McMinnville officials have decided to stop approving night races due to safety concerns. The ban could be temporary or permanent.
“This isn’t an issue of whether you run or you don’t run,” said city attorney Tim Pirtle on Tuesday night. “It’s an issue of whether you run during the daylight hours or after dark.”
During the Board of Mayor and Aldermen meeting on Aug. 11, Pirtle voiced concerns about the lack of visibility with motorists not being able to see race participants in the dark. At that time, Pirtle said concerns were based on firsthand experiences during the Downtown After Dark 5K offered at Main Street Live on July 24.
A meeting of the city’s Safety Committee was held Tuesday night to discuss those issues further. On the committee are Aldermen Mike Neal, Everett Brock and Ryle Chastain.
“I raised a concern to the full board about the night runs,” said Pirtle. “What I related was antidotal. It was simply my experience in encountering the runners on a fun run in connection with the Main Street Live music event. I went beyond that.”
He presented statistics from the National Highway Traffic Safety Administration, dated April 2014.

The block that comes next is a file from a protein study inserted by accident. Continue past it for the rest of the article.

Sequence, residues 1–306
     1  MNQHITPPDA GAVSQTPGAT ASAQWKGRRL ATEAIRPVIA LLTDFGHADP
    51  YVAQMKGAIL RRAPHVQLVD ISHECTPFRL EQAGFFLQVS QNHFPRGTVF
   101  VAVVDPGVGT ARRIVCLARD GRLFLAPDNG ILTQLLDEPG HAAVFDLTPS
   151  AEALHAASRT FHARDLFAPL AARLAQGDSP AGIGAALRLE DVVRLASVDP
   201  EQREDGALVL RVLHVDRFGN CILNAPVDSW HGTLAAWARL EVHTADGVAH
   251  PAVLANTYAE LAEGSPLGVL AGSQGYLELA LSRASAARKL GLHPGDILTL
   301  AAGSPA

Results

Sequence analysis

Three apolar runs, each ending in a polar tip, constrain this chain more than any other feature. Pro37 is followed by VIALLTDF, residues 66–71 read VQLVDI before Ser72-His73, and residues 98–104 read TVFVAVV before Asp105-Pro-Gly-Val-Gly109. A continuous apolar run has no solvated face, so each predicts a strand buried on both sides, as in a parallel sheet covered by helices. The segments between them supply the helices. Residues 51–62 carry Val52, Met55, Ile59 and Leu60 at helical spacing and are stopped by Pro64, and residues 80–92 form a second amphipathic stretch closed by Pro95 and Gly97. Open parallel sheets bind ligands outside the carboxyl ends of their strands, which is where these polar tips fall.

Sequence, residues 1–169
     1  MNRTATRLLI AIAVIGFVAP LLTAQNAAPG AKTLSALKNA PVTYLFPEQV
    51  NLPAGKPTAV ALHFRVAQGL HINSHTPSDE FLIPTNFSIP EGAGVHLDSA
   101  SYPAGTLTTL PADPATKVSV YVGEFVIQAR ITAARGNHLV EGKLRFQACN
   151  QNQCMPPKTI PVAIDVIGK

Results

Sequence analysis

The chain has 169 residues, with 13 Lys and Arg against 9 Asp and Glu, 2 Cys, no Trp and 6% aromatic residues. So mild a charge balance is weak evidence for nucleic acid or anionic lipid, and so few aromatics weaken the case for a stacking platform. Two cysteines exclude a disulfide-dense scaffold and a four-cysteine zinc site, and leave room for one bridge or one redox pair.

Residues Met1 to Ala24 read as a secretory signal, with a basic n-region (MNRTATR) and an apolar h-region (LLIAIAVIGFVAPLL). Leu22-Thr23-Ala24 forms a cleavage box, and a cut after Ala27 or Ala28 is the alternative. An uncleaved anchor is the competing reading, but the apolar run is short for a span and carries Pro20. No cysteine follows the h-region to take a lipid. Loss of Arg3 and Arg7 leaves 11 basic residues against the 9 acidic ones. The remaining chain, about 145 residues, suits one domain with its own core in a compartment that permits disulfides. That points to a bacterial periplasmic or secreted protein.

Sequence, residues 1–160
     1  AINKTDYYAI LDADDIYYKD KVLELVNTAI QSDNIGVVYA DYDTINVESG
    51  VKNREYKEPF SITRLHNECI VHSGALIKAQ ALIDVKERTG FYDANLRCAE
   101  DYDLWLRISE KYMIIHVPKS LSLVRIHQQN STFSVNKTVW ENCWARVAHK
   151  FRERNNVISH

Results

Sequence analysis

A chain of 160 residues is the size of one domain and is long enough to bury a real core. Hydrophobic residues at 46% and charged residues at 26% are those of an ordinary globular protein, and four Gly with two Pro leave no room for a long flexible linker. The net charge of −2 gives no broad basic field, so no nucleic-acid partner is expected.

“The stats were from 2012, the last year that statistics were available,” said Pirtle. “Of the pedestrian fatalities during that year, 70 percent of those accidents happened after dark.”
Pirtle warned the city could be held liable for injury or death of a race participant if it assumes responsibility for safety during the run.
“If the city takes operational control over an activity, as is the case here where the Police Department takes operational control over the conduct of the run, then the city’s immunity against a lawsuit is removed. As a matter of law, the city could be held liable for negligence in the operational management of the run. We are not immune from lawsuit if someone is injured or killed during one of these fun runs.”
McMinnville Police Chief Bryan Denton said he held a conversation with Vice Mayor Ben Newman after the board meeting and discussed the need to increase policing as far as safety is concerned.
“I think Ben had a good idea. If we are going to continue to do these, we need to get strict on where they are happening and make sure volunteers are in place. Volunteers have been a huge problem this year. Five minutes before the race is ready to start, half the volunteers are not in place. I’ve been reluctant to say ‘Shut it down, until you get volunteers in place.’”
The city’s current policy requires racers to wear something reflective. Denton says that’s not enough.
“I don’t think reflective is enough. I think they need something that lights up. If you give them something to carry or wear and they cross the finish line without it, they are disqualified. That’s my thoughts on it.”
Denton agreed with Pirtle that night races are dangerous.
“I agree with Tim wholeheartedly. Night races are dangers and they scare me,” he said.
Brock made a motion to stop approving night race requests until the committee has time to consider the information and decide “if we want to continue to do this.” The measure passed unanimously.